Whatever happened to the former governor’s violation of the APA Act that he was cited for a few years back when he was renting no-longer-used, farm-worker housing to vacationers? Never saw follow-up article regarding him until now.

  2. Todd Eastman says:

    Where do the State Department of Health and the DEC fit into this process?

    The APA does not have the internal capacity to assess potential impacts including cumulative impacts of the proposed application of ProcellaCOR to Lake George?

    • Paul says:

      Todd, the DEC approved their permit for this last Friday.

      I am all for being very cautious about what we put into this, or any lake. This fiasco has been embarrassing. This treatment has been very vigorously tested and it has shown that it is a safe a product as you can get for controlling an invasive that destroys the ecosystem. I respect the former governor very much but here he is just plain wrong. The benefits here far outweigh the risks. That is why the Lake George Park Commission the APA the DEC the EPA have a duty to do what is right for the lake and the environment. It is just kind of sad to see a whole bunch of people just want to stop implementation just because they have some unfounded fears that ANY use of any kind of chemical just needs to be studied forever while we let the lake get chocked with mifoil. The mob won in this case. The lake loses. Too bad. I give the commission lots of credit for trying.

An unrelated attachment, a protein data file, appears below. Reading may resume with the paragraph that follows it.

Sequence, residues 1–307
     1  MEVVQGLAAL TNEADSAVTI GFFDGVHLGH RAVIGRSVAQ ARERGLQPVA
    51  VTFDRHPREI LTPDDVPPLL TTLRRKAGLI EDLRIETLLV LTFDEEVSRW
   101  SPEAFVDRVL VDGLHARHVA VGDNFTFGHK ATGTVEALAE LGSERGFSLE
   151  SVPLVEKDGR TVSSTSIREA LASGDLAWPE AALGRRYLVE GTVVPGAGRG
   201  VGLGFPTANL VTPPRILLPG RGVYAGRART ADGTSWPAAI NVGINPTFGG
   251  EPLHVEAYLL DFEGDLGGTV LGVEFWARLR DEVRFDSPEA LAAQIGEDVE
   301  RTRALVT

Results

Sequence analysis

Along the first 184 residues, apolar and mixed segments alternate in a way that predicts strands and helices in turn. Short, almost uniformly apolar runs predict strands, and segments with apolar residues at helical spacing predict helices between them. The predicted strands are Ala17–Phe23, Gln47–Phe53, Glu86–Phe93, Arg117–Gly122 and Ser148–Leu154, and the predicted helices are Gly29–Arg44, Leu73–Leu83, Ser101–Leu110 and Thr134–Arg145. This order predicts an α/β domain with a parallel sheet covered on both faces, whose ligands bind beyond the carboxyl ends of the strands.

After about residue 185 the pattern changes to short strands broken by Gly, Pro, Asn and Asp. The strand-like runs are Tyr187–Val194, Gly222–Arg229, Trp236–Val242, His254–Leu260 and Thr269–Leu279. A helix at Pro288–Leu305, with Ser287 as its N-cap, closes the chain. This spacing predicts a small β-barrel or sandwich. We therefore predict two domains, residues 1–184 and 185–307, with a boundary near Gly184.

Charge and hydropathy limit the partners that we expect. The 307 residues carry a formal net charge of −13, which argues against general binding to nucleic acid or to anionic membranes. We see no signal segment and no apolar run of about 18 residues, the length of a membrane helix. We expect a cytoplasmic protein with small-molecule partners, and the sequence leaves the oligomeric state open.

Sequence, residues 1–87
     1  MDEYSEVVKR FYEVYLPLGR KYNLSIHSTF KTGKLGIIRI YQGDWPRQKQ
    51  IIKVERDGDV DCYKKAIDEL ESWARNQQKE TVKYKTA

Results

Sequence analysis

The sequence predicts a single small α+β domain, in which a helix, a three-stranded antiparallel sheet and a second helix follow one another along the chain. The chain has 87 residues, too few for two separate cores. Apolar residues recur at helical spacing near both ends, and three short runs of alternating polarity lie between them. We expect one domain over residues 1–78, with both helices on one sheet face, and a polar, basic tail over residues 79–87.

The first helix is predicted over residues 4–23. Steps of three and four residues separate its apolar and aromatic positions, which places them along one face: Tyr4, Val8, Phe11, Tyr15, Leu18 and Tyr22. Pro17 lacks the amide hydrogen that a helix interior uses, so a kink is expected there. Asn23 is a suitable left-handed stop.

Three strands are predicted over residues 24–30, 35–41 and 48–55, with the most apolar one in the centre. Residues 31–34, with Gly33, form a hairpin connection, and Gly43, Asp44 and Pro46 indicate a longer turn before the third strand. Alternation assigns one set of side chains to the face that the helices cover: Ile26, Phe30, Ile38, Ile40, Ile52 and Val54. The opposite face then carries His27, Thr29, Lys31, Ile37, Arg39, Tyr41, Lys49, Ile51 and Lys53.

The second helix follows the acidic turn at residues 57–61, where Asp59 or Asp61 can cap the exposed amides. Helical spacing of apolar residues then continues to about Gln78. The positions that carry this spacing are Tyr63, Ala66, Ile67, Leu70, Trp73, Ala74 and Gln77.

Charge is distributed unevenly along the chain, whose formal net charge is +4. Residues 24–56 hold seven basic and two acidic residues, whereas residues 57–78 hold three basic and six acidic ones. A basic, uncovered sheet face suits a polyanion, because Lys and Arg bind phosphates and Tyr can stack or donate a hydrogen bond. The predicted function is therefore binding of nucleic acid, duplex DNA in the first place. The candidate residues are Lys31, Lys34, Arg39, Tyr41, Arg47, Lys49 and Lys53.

• Todd Eastman says:

        You bring up good points. Perhaps not using it on Lake George until longer term use in smaller waterbodies is better evaluated…

      • Benjamin Franklin says:

        Paul, Over and over you repeat your view that the science is settled and that ProcellaCOR is better than Eurasian Milfoil. You overlook the realty that science is never settled. In this instance, there is opposition to the use of ProcellaCOR from many scientists. The scientists tasked with initially evaluating this herbicide and approving it were paid by the manufacturer. Are there independent environmental scientists supporting its use? If so, please name them. Are there environmental organizations supporting its use? Is so, please list them.

        • Paul says: